plt.plot(ts3[low:], s_est, label = 'b * t^a; a = {:.3f}, b = {:.3f}'.format(a, b))
print('S = b * t^a')
print('a = ', a, 'b = ', b)
plt.legend(loc = 'upper right')
plt.savefig('fig_randomwalk_s{}_fit.png'.format(d), dpi = 200)
```

Output:

```
Fit for survival function S(t) = b * t^a in 1 dimensions:
a = -0.49996732157952334 b = 0.7976891683492726
Fit for survival function S(t) = b * t^a in 2 dimensions:
a = -0.1056300254846708 b = 0.6728236962323205
Fit for survival function S(t) = b * t^a in 3 dimensions:
a = -0.005358283923709006 b = 0.7598640873165888
```

The results:

In 1D we see a very clean power law . Taking the limit , we conclude that and the probability that the walker eventually returns to the origin is 100%.

In 2D we again see what looks like it could be a power law, but is that really a straight line? No! There is something of a slight curve to it. From this graph alone we do not have sufficient information to extrapolate behavior at infinite time.

3D looks even less like a power law; from the graph one might guess that rapidly approaches some asymptote, with a little more than a 70% chance of escape.

We can do better with our 2D results by checking it against results from theory. Equation 2.18 from a 1951 paper by Dvoretzky and Erdos tells us that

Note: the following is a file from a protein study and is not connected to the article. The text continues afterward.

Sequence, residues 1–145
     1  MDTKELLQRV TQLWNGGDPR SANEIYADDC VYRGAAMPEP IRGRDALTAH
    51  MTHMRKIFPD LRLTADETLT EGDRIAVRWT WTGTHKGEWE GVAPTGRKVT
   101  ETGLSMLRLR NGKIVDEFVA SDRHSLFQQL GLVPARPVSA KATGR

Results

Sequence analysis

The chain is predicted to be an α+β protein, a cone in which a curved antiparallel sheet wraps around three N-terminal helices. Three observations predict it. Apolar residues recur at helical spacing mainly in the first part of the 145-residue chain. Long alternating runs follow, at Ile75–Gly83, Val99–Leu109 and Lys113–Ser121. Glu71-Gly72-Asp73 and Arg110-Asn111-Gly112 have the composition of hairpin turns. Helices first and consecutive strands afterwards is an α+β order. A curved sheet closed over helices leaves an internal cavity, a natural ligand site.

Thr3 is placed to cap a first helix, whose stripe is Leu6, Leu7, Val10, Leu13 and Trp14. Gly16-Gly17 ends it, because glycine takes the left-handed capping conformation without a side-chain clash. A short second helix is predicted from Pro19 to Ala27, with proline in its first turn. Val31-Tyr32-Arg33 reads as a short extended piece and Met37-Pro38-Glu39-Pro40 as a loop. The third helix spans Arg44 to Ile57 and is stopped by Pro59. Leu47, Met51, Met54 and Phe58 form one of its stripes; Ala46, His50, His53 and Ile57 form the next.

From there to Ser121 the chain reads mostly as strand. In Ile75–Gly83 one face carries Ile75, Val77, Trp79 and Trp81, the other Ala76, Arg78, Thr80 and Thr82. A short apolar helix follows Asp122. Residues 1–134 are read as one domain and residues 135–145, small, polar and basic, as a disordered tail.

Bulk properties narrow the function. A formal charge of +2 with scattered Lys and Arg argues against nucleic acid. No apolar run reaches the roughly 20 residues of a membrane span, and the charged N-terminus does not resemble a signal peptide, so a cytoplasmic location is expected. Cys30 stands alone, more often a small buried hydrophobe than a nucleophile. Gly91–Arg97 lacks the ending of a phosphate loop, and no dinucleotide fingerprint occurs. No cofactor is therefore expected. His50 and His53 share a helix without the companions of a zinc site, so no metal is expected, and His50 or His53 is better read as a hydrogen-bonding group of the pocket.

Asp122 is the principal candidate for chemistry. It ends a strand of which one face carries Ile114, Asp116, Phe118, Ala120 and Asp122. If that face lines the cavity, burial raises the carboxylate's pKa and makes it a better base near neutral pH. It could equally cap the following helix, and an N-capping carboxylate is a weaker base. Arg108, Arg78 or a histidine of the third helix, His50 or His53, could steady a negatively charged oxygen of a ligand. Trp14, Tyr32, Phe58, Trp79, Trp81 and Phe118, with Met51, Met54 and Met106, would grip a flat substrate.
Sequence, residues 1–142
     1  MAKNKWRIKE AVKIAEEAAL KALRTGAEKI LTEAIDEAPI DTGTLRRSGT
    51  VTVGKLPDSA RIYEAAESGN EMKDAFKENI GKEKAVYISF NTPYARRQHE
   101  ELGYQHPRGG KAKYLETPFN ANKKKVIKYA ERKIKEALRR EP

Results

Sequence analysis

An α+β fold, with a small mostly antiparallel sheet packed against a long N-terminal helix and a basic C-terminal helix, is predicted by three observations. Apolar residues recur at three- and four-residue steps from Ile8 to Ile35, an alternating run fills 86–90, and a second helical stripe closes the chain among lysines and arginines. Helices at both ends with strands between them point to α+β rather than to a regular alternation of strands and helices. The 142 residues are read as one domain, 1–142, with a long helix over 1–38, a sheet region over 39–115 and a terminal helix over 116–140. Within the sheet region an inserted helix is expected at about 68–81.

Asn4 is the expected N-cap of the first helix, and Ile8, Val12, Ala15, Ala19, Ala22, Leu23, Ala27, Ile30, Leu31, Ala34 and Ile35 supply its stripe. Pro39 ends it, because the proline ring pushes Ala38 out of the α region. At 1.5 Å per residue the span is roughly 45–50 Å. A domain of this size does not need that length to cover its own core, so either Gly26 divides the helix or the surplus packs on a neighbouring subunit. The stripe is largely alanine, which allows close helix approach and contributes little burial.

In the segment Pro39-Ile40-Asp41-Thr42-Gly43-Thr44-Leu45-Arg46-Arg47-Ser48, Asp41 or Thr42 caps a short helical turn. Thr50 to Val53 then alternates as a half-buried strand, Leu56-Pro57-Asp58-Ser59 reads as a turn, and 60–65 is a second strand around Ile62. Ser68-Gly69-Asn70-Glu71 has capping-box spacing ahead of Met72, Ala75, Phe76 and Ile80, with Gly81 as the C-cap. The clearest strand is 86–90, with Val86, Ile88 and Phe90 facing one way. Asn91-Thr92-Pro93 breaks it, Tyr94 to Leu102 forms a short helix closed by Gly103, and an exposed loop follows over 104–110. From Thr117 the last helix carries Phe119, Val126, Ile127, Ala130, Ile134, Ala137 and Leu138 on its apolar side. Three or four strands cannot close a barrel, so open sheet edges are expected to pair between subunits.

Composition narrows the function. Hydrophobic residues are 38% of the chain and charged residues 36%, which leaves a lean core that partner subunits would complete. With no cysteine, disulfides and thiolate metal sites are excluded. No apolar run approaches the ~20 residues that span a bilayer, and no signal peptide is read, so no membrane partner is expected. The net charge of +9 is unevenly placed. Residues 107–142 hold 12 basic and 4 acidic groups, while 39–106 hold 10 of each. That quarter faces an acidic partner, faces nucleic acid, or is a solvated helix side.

and indeed we observe a very good fit for as a linear function of :

though the constants are not accurate enough for us to confirm the
theoretical value of :^{11}The
values of the constants depend not just on the dimension of the graph,
but on its shape and the distribution of the walker’s steps, so one has
to check that we are using the same definition of a random walk as
Dvoretzky and Erdos. Interestingly the standard 2D random walk is in
fact the same as two simultaneous, independent 1D random walks, if you
rotate the coordinate axes by 45 degrees.

```
Fit for survival function S(t) = a / (log(t) + b) in 2 dimensions:
a = 3.2450755245666127 b = 3.2064465739692407
```

As expected, (extremely slowly) in the limit , so the probability of eventually returning to the origin is 100%. While we were able to numerically validate the theoretical result, note that doing so is quite finicky – trying to fit as a linear function of gives a result about equally as bad as the power law had.